Swamp Status: Rising, with Alligators

Are you enjoying watching the Democrats run around hysterically demanding investigations and impeachment of Donald Trump? I find it rather funny actually, not least because the sound and fury does signify something. It conceals a scandal. Not that it has anything to do with Trump, except that he might expose it. It belongs exclusively to Barack Obama and our intelligence community. Glenn Reynolds writes in USA Today.

In 1972, some employees of President Nixon’s re-election committee were caught when they broke into the Democratic National Committee headquarters to plant a bug. This led to Nixon’s resignation and probably would have led to his felony prosecution had he not been pardoned by his successor, Gerald Ford.

But if a single bugging of the political opposition is enough to bring down a presidency — and maybe lead to an unprecedented criminal prosecution of a former president — then what are we to make of the recently unveiled Obama administration program of massively spying on political opponents in violation of clearly established law?

Because that’s what was unveiled last week.

When the FBI wants to wiretap a domestic suspect, it goes to court for a warrant. But when listening in on foreigners, the National Security Agency hoovers up a vast amount of stuff in bulk: Conversations between foreigners, conversations between Americans and foreigners, conversations between Americans who mention foreigners, and sometimes just plain old conversations between Americans.

There are supposed to be strict safeguards on who can access the information, on how it can be used and on protecting American citizens’ privacy — because the NSA is forbidden by law from engaging in domestic spying. These safeguards were ignored wholesale under the Obama administration, and to many Republicans, it is no coincidence that intelligence leaks damaged Democrats’ political opponents in the 2016 election. […]

A report from journalists John Solomon and Sara Carter last week, based on recently declassified documents, exposed what went on. As Solomon and Carter write:

More than 5%, or one out of every 20, searches seeking upstream Internet data on Americans inside the NSA’s so-called Section 702 database violated the safeguards President Obama and his intelligence chiefs vowed to follow in 2011, according to one classified internal report reviewed by Circa. …

The normally supportive court censured administration officials, saying that the failure to disclose the extent of the violations earlier amounted to an “institutional lack of candor,” and that the improper searches constituted a “very serious Fourth Amendment issue,” according to a recently unsealed court document dated April 26.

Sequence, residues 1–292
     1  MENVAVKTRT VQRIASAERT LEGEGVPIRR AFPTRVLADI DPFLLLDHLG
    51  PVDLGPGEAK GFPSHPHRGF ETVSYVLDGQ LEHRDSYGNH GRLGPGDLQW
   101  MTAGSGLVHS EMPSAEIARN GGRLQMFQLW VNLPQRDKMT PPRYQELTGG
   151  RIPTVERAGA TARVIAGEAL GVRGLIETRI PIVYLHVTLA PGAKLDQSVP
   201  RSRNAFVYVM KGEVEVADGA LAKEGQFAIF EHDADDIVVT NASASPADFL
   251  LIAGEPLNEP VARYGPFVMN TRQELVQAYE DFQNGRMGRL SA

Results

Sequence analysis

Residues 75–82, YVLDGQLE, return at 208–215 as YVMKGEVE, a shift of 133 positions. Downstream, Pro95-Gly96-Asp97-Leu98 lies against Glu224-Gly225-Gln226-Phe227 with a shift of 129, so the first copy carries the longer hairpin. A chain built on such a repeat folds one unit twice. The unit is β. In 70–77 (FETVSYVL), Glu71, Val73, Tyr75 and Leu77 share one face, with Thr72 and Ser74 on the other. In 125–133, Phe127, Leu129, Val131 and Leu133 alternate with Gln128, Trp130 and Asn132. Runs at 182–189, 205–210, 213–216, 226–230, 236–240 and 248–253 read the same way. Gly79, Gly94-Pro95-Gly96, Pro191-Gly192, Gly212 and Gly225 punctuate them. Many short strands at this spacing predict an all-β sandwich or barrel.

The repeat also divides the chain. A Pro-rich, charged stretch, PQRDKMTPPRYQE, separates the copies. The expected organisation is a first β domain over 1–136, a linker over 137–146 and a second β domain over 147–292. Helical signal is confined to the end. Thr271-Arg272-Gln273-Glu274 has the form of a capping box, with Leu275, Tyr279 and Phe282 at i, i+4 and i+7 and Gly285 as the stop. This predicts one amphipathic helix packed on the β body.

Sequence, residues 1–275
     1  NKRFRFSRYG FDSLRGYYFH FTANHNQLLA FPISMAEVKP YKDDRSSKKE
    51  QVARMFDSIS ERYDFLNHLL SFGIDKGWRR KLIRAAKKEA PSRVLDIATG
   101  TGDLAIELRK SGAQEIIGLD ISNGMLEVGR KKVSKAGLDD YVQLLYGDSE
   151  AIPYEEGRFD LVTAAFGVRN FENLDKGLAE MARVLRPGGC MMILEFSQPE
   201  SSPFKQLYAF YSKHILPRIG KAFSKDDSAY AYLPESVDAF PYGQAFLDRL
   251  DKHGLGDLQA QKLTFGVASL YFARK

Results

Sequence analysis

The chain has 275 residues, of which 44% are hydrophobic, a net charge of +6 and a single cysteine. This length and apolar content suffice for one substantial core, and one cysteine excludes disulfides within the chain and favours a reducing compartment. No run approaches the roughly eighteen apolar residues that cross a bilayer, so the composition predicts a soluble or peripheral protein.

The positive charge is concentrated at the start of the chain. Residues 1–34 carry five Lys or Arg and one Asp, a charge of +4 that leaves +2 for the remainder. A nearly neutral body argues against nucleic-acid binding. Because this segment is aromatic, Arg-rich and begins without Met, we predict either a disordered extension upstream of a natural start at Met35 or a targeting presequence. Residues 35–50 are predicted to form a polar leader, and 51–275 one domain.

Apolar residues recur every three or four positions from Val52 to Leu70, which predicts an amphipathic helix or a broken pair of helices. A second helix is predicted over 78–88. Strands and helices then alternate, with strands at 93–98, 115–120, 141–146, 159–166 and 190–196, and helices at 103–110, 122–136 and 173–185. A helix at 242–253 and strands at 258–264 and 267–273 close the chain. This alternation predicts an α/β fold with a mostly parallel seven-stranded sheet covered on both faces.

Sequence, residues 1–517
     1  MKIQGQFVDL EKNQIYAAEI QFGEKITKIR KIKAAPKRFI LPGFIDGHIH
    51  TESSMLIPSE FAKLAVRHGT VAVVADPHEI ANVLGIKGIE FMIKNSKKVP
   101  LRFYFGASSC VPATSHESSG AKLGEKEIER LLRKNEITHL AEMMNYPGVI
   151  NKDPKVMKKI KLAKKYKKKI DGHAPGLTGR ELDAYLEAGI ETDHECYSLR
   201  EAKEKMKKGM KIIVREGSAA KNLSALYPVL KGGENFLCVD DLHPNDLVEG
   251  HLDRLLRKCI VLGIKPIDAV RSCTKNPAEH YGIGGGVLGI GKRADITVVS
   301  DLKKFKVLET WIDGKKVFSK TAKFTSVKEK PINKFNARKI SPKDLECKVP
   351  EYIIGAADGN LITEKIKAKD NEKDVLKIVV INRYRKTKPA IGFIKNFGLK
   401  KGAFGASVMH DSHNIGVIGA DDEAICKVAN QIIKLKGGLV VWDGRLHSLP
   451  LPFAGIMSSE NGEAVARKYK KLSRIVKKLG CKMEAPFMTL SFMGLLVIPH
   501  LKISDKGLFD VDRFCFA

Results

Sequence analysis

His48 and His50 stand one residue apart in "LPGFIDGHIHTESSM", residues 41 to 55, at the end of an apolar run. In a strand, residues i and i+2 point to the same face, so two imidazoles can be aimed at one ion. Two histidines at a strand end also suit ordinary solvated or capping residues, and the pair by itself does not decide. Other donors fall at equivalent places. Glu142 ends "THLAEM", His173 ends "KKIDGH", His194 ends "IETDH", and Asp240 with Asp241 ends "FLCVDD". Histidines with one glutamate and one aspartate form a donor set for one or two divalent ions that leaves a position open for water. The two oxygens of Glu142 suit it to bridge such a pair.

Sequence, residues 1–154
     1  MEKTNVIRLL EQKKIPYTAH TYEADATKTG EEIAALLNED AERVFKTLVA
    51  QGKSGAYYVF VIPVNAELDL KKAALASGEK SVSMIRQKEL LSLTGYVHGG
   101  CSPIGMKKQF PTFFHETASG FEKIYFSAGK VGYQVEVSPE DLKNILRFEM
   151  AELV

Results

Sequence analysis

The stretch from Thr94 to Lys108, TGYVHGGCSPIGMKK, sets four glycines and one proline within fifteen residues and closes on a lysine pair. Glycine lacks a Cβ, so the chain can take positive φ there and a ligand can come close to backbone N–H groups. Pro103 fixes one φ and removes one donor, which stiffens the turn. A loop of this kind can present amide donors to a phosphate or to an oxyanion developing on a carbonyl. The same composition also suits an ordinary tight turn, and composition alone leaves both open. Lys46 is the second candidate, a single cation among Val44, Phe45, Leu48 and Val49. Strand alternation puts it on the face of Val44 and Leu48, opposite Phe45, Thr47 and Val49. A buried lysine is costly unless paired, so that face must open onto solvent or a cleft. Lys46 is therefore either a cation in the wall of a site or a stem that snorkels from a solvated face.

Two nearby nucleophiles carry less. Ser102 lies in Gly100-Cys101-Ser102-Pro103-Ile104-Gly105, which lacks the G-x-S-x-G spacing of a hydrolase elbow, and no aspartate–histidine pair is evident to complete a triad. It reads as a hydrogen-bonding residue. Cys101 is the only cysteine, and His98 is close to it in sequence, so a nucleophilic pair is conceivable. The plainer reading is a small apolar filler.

The admitted violations undercut one of the primary defenses that the intelligence community and Obama officials have used in recent weeks to justify their snooping into incidental NSA intercepts about Americans. …  The American Civil Liberties Union said the newly disclosed violations are some of the most serious to ever be documented and strongly call into question the U.S. intelligence community’s ability to police itself and safeguard Americans’ privacy as guaranteed by the Constitution’s Fourth Amendment protections against unlawful search and seizure.

As former anti-terrorism prosecutor and national security expert Andrew McCarthy writes in National Review, this is a very serious abuse. And potentially a crime. If such material were leaked to the press for political advantage, that’s another crime.

McCarthy observes: “Enabling of domestic spying, contemptuous disregard of court-ordered minimization procedures (procedures the Obama administration itself proposed, then violated), and unlawful disclosure of classified intelligence to feed a media campaign against political adversaries. Quite the Obama legacy.”

There is considerably more at the link. But the point Glenn makes, and I completely agree with is this: If this is even medium close to true, and everything I’ve read says it’s much closer than that, then we can no longer afford our intelligence agencies as they are presently constructed. They are a more clear and present danger to our freedom than our enemies.

What we are seeing in the press is no more and no less than a chimera, a smokescreen deployed to protect the guilty, and damage or destroy the innocent. There is very likely no misconduct whatsoever in the Trump administration, particularly at the White House level. But there is more than plenty in our intelligence agencies, sadly it is not designed to work to America’s benefit, but is directly opposed to her interests.

The members of the community that participated in this despicable scheme, from Obama on down need to be indicted, prosecuted and incarcerated, if proven guilty. Nothing else will suffice. That is the overriding mission entrusted to President Trump, and it is a huge one, against very vociferous opposition. Can he do it? I don’t know. Nor do I know if he has the guts for this mission, I’m pretty sure that I wouldn’t. But maybe that why he is President and I am not. I hope so.

But he must, America itself depends on it.

Hat tip to John at PowerLine

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About NEO
Lineman, Electrician, Industrial Control technician, Staking Engineer, Inspector, Quality Assurance Manager, Chief Operations Officer

3 Responses to Swamp Status: Rising, with Alligators

  1. the unit says:

    “With alligators.” Not all bad. Alligators are a natural predator of swamp and river rats. 🙂

    Liked by 1 person

    • NEO says:

      That’s true, and good eating, as well! 🙂

      Liked by 1 person

  2. Pingback: The Weekly Headlines – My Daily Musing

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